Nancy McFarlane is my mayor. She has led Raleigh through explosive growth, including a new train station, the purchase of Dix Park, promotion of Raleigh as an arts scene and tourist destination and recognition on many “best of” lists. Why is she stepping down?
It’s not because of age, health, scandal or the traditional mantra of “spending more time with my family.” She’s just fed up. McFarlane is tired of a political climate that has gotten more partisan, more divisive and more hate-filled since she entered politics in 2007. “We used to fight together for the things we cared about,” McFarlane said. “Now it just seems like we fight with each other.”
I can hear the chorus responding, “That’s what she asked for when she ran for public office,” “It comes with the territory,” or even, “She deserves it.” Really?
I won’t for one minute claim that Nancy McFarlane has been right in every instance on every issue; however, she’s been a pretty darn good mayor and has represented our city well. But nobody deserves to be treated uncivilly or disrespectfully, no matter how much we disagree with them.
People complain that not enough “good people” run for public office anymore. Is there any wonder why? Would you subject yourself to this kind of ugliness? God help whomever takes her place.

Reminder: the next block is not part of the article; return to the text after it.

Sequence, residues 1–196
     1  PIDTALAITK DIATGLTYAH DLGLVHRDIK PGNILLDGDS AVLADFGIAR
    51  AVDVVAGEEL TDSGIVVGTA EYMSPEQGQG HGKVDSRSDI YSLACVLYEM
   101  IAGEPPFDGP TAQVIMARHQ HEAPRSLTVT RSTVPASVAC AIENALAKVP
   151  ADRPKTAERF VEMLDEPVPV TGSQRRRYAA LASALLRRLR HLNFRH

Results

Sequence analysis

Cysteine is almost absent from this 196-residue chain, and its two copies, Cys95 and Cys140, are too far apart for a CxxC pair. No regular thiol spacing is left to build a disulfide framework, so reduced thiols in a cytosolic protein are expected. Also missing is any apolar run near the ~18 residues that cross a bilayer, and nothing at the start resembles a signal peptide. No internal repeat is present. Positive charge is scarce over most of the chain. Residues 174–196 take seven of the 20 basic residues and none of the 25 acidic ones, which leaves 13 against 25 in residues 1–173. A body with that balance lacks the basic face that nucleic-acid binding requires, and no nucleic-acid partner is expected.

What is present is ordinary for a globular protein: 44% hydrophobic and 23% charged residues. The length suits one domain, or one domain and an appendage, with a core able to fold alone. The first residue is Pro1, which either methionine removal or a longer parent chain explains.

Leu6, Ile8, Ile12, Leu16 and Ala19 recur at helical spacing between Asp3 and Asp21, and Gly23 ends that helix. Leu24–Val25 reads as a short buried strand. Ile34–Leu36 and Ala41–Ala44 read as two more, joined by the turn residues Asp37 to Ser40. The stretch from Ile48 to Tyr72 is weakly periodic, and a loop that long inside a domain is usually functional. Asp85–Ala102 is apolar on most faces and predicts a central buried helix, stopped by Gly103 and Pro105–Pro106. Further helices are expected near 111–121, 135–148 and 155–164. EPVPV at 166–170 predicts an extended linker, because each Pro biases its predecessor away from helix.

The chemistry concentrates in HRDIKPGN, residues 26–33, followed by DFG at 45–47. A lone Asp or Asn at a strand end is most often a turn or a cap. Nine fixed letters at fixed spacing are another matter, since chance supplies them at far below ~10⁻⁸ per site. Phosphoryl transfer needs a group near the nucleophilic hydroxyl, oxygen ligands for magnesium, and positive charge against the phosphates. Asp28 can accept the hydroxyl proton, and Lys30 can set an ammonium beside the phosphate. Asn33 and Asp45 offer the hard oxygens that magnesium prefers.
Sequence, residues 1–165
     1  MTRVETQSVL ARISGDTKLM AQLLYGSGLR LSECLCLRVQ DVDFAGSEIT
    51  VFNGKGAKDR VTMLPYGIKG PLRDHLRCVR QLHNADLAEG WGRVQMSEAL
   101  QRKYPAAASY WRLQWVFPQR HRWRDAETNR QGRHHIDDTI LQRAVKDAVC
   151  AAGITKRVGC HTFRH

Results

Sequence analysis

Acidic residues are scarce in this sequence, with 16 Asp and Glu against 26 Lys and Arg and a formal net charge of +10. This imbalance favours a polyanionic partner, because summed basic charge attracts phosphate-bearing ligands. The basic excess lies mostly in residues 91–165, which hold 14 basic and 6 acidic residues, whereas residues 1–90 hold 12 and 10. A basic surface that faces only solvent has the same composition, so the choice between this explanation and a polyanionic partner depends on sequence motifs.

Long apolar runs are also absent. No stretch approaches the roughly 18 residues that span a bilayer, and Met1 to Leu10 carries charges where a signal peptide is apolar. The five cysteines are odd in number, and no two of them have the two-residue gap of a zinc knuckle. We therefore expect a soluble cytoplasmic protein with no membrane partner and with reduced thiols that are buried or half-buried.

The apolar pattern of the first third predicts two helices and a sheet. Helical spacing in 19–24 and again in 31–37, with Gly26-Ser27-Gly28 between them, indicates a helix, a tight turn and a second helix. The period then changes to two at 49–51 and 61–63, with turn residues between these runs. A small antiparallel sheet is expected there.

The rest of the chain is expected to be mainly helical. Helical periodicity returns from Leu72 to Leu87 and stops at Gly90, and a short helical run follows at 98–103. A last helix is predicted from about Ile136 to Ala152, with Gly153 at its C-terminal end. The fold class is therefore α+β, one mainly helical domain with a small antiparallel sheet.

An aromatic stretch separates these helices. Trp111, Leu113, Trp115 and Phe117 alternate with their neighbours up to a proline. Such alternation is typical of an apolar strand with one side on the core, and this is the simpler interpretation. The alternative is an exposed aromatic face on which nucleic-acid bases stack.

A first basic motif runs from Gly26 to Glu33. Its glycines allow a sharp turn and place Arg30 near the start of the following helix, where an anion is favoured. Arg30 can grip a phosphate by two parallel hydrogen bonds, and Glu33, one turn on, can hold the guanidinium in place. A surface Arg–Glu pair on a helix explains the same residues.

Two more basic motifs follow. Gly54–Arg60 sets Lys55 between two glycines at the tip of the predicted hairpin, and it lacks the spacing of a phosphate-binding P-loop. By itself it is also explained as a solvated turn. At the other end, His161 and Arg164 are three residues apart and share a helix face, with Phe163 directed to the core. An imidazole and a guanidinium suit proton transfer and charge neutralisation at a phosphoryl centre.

Mayor Nancy says we need a reset. Indeed. How low do we have to sink before there is a turnaround? How much name calling, partisan politics or nasty behavior will we tolerate before we cry “ENOUGH?”
We get it. Politics can be and often is a contact sport, but nobody appears to have filters anymore, especially on social media sites. People feel at liberty to say anything that pops in their heads, to release for all the anger, resentment and ugliness they have inside. And it would be one thing if it were just public officials about whom they vented.
My wife and I were in a sandwich shop the other day. The customer’s sandwich order was delivered wrong and this woman proceeded to berate and spew anger at the person behind the counter. We were sitting many feet away and could hear her raging. The offer to replace her order wasn’t sufficient. This person just wanted to rant; anyone in her path was going to be the subject of her wrath. As we were leaving, we commented to the owner that we had heard the episode and wondered if this was common. The owner told us it was harder and harder to be in business serving the public.
We understand that this is a stressful world, that it moves at an ever-faster pace and all the technology that was supposed to make our lives easier and better has often had the opposite effect. But we also remember reading that during the Great Depression, desperate times when many had little to eat and no place to stay the night, that we were a more genteel and caring people. Even in our worst times we exhibited brotherly love and helped others as we could.
Would that we could stop fighting with and started once more to treat others with the respect they deserve, the same respect we want for ourselves.
Tom Campbell is former assistant N.C. state treasruer and is creator/host of “N.C. Spin,” a weekly statewide television discussion of North Carolina issues that airs on UNC-TV . Contact him at www.ncspin.com.